Bad News Bias
BY ANUSHA SENAPATI '24
Scientists recently discovered a new COVID-19 variant—Picron. Did you read that and believe it at first sight? COVID-19 has disoriented us in these difficult times, but somehow the situation is worsening, and no, I’m not talking about the number of cases every day. I’m referring to the bad news bias that comes with the contagion. In this context, bad news means the negative fake news the media publishes. News spreads in many ways, and it is important that the news you read is trustworthy. Although sources like The New York Times and The Washington Post seem reliable, they can produce biased reporting, as their reputation allows them to “twist the truth” without question. With bad news biases being widespread, it’s essential to analyze why we fall for such traps and how this creates distrust in the media. As we investigate how misleading information creates apathy, we’ll learn to acknowledge these biases and combat public desensitization.
Since the beginning of the pandemic, most have turned to the internet to receive information, making reliance on news sources more prevalent than ever. However, with this change comes a greater news bias as well. Although news should be objective, decreased human contact in light of the pandemic gave news sources the perfect opportunity to advertise bad news biases. The constant bad news breeds mistrust, leading to apathy towards news and media mediums. In addition, constantly bombarding the public with contradictory information and polarizing opinions only exacerbates their doubt.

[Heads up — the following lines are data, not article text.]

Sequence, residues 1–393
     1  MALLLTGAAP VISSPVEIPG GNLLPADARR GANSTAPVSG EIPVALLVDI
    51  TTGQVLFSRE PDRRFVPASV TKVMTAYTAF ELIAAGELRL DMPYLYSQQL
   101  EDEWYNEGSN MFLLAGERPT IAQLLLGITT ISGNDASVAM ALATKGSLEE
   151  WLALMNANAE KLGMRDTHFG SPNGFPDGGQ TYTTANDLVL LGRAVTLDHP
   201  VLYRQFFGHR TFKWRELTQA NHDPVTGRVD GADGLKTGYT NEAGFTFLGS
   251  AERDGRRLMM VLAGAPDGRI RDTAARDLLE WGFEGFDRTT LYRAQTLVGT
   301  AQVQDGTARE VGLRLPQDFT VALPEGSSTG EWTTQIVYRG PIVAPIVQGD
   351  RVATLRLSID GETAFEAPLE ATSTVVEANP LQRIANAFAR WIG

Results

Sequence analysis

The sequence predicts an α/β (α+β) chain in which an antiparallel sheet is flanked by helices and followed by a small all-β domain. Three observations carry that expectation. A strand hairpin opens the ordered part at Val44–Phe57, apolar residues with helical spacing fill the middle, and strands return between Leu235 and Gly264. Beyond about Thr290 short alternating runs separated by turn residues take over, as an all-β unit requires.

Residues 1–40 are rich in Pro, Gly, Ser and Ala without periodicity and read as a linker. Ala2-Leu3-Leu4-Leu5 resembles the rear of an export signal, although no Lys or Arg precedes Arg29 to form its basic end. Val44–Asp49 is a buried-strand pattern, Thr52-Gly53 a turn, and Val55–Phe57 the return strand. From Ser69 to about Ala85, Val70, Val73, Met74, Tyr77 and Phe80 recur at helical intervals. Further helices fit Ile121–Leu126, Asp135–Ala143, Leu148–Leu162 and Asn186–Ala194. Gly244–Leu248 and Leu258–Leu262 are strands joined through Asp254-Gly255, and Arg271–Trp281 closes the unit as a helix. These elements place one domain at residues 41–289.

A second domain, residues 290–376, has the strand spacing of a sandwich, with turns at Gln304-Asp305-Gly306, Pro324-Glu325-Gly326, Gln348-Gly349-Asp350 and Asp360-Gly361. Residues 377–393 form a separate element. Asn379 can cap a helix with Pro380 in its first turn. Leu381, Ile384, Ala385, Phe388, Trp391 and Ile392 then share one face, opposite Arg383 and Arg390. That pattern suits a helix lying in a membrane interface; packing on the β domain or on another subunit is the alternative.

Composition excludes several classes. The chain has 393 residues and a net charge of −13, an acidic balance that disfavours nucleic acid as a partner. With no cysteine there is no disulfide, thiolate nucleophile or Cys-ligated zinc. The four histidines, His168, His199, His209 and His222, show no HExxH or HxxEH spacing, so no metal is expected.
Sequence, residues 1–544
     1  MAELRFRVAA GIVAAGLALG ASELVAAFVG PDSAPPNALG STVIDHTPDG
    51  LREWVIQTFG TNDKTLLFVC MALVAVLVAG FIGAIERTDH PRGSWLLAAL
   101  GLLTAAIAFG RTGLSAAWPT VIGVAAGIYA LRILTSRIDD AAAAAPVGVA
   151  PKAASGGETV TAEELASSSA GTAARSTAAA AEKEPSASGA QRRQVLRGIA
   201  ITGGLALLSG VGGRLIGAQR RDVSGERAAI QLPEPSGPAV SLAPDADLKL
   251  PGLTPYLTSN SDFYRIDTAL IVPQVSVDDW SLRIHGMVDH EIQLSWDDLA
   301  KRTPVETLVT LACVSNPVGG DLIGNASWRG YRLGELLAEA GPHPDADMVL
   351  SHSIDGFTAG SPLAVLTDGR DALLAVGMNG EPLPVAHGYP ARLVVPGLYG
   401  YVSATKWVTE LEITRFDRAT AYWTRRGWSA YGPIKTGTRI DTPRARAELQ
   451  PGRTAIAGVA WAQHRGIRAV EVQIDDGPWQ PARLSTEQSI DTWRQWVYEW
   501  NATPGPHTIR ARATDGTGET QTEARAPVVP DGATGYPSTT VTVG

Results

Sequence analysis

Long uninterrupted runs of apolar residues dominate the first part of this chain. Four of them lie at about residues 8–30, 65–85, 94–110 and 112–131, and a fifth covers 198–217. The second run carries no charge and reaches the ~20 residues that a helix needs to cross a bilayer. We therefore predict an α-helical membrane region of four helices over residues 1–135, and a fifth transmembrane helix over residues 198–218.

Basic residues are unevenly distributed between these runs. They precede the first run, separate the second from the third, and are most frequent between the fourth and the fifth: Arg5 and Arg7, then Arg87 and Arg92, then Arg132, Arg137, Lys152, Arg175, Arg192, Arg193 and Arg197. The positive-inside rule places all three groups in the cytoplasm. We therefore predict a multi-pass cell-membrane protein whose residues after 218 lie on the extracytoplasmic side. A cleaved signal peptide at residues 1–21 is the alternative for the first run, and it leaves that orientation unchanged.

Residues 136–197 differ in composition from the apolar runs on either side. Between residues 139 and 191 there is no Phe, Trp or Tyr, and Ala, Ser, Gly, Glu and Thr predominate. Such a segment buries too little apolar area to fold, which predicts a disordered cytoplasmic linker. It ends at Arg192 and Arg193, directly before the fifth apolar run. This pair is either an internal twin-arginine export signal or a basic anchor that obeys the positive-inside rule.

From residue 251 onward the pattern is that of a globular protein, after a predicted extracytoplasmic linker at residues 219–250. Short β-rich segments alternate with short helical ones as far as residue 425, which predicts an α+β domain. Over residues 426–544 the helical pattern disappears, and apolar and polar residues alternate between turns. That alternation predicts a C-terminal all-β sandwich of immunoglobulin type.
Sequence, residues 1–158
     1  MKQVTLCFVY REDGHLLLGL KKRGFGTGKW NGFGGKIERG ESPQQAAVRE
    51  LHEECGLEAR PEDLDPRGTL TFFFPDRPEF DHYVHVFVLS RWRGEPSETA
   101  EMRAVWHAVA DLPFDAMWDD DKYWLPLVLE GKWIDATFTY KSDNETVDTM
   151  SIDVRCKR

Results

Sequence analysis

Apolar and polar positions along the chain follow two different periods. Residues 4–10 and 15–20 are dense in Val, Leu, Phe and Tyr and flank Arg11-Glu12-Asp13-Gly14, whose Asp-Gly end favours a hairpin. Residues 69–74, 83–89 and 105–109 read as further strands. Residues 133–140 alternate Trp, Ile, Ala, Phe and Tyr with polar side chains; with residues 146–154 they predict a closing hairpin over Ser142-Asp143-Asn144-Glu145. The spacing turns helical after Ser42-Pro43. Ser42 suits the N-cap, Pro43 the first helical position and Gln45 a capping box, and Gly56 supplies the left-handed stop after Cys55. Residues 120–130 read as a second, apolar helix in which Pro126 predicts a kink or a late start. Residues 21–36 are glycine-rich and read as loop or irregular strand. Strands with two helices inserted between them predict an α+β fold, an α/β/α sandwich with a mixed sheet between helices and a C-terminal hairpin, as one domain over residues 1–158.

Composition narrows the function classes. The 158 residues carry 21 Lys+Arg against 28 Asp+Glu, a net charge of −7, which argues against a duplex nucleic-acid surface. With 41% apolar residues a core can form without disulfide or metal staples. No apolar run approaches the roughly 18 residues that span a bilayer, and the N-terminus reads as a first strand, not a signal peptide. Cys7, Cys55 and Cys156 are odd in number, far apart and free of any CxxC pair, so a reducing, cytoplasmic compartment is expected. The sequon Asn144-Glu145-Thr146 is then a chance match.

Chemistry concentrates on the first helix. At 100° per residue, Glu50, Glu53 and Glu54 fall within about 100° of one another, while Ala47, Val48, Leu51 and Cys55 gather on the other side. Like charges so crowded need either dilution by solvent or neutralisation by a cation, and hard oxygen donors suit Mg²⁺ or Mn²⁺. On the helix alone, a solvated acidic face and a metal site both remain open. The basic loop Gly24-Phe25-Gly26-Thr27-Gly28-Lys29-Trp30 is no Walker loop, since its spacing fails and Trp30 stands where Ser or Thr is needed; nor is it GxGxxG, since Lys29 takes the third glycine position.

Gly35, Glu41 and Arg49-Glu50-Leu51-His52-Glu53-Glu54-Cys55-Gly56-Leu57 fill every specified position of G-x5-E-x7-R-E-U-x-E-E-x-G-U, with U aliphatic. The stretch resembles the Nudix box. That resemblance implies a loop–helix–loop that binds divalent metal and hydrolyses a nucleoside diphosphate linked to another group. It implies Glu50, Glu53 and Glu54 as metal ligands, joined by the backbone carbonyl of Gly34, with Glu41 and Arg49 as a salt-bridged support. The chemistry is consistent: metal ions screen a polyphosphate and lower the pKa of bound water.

According to The New York Times, many U.S. media outlets intentionally publish bad news to receive more attention. Instead of portraying all sides of the story, they disseminate a skewed account throughout various platforms to reap profits. If the media only highlights extreme stories, such as brutal crimes, then the public is both unaware of the positive stories and also are unable to address true issues. When the only issues presented cannot be solved directly, the public is left feeling helpless, as they lack the means to mobilize and invoke significant change. Even if the information isn’t necessarily false, the overly negative perspective precludes positive outlooks. This fosters more distrust when people discover news sources that are pushing out more positive perspectives on the same topic.
However, bad news bias can be mitigated. Through fact checking—critical analysis of news sources (think the CRAAP test)—and watching out for exaggerated or unrealistic claims, we can ensure the news we consume is factual while staying aware of issues around us. The pandemic certainly is a hard time for everyone, but we can make it less stressful by urging people to not fall for the media’s exploitative practices. By addressing bad news bias, we will be one step closer to ensuring a healthy recovery from COVID-19.